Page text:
Mobile tech touted as way to give veterans better access to healthcare
For the three million veterans living in rural areas, access to healthcare remains a major barrier, Rep. Michael F. Michaud (D-Maine), chairman of the House Committee on Veterans' Affairs Subcommittee on Health, said in his opening remarks at a hearing Wednesday. But wireless technology shows promise for veterans, he said.
"It is no surprise that our rural veterans have worse health outcomes compared to the general population," Michaud said. "This is where I see the great potential of innovative wireless health technologies."
Michaud acknowledged VA as a recognized leader in using electronic health records, telehealth, and telemedicine.
"However, wireless health technologies also include mobile health, which truly is the new frontier in health innovations," he said. "Mobile health makes it possible for healthcare professionals to receive real-time health data such as vital signs, glucose levels and medication compliance because data from the patient's mobile sensors are relayed over wireless connections."
Several who testified at the hearing agreed.
"For these and other individuals, I suggest that wireless health technologies represent a key ingredient in providing quality and accessible care, and gaining budgetary efficiencies in the process," said Darrell M. West, vice president and director, governance study and dIrector, Center for Technology Innovation at the Brookings Institution. "Health care based on mobile health, remote monitors, electronic medical records, social networking sites, video conferencing and Internet-based recordkeeping can make a positive difference for many people. We should encourage e-mail reminders to take medicine, mechanisms to rate experiences with doctors and hospitals, and Web sites that make care ratings publicly available to other patients."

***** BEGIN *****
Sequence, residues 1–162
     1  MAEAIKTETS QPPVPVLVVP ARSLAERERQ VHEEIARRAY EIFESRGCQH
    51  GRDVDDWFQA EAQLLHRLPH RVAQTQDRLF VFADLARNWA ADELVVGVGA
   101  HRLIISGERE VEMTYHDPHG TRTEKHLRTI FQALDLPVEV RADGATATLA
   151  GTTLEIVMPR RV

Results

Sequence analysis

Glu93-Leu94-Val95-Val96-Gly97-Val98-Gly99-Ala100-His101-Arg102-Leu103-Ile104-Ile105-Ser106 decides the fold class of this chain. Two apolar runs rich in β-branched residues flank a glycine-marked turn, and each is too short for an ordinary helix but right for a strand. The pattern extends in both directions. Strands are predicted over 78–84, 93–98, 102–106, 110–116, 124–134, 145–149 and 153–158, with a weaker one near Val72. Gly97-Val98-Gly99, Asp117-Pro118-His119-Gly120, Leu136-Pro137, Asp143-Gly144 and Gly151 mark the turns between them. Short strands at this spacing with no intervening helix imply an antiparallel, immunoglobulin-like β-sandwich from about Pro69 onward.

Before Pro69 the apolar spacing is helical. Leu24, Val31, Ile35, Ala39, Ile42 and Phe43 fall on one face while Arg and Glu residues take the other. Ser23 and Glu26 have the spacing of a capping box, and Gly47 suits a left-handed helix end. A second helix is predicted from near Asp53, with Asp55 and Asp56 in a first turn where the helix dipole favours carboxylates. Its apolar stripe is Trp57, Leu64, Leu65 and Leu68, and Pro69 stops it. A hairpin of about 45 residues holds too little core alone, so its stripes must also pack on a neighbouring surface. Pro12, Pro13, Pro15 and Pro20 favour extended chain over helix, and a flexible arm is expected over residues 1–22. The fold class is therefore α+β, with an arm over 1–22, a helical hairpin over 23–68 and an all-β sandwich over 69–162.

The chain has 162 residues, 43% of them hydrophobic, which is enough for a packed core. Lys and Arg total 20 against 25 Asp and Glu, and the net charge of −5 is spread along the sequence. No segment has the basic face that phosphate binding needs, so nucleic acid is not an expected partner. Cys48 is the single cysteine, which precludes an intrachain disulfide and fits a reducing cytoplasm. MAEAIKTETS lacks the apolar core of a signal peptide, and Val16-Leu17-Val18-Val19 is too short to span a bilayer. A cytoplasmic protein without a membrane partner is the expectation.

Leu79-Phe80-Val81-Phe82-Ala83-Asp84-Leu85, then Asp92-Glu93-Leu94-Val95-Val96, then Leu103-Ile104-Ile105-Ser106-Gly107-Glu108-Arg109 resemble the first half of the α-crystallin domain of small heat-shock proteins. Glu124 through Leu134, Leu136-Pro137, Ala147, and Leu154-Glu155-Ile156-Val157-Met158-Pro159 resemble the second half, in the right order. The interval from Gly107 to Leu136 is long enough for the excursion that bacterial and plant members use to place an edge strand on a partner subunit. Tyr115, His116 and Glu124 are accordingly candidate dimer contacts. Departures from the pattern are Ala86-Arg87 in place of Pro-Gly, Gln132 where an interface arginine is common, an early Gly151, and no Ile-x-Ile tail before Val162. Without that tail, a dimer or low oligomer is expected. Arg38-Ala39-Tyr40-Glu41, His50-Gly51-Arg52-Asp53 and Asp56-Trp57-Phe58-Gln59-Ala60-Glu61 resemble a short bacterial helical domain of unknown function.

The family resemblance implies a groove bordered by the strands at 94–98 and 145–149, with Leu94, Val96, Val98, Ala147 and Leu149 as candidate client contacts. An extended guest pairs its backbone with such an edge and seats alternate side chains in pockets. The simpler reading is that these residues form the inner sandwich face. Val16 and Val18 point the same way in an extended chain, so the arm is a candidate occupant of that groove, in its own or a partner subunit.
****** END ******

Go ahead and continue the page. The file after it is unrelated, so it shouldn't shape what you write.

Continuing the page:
"To realize the quality improvement and cost-containment goals of healthcare reform, our nation must harness the benefits of technologies that allow patients and care providers to use real-world, remotely-collected data to make decisions about their health on a continual basis, rather than waiting until a condition has set in that requires them to schedule an urgent office visit or go to the emergency room," testified Rick Cnossen, president and chairman of Continua Health Alliance, a nonprofit, open industry coalition of healthcare and technology companies "By tracking vital signs and other health data on a more regular basis and sharing it through secure systems, eCare offers many beneficial clinical capabilities."
"Mobile health or mHealth – defined broadly as emerging mobile communications and network technologies for healthcare systems – can be an agent for behavior change, impacting healthcare challenges such as smoking cessation, diabetes, and appointment attendance," said Col. Ronald Poropatick, MD, deputy director, Telemedicine and Advanced Technology Research Center, U.S. Army Medical Research and Materiel Command
Department of the Army. "Applications for cell phone and smart phone platforms are emerging that enable clinical consultation, patient and provider education, research, biosurveillance and disease management."